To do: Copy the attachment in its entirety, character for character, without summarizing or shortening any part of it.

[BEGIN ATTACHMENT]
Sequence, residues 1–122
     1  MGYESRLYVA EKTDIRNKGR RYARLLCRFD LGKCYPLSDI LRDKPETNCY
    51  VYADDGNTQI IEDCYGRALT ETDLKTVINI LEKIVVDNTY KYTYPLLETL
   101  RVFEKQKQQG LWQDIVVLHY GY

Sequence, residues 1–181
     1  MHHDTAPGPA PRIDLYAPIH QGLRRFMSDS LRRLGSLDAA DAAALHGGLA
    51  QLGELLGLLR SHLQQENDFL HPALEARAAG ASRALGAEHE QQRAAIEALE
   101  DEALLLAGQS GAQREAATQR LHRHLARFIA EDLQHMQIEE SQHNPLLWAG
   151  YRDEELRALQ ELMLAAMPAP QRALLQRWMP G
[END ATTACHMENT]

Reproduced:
Sequence, residues 1–122
     1  MGYESRLYVA EKTDIRNKGR RYARLLCRFD LGKCYPLSDI LRDKPETNCY
    51  VYADDGNTQI IEDCYGRALT ETDLKTVINI LEKIVVDNTY KYTYPLLETL
   101  RVFEKQKQQG LWQDIVVLHY GY

Sequence, residues 1–181
     1  MHHDTAPGPA PRIDLYAPIH QGLRRFMSDS LRRLGSLDAA DAAALHGGLA
    51  QLGELLGLLR SHLQQENDFL HPALEARAAG ASRALGAEHE QQRAAIEALE
   101  DEALLLAGQS GAQREAATQR LHRHLARFIA EDLQHMQIEE SQHNPLLWAG
   151  YRDEELRALQ ELMLAAMPAP QRALLQRWMP G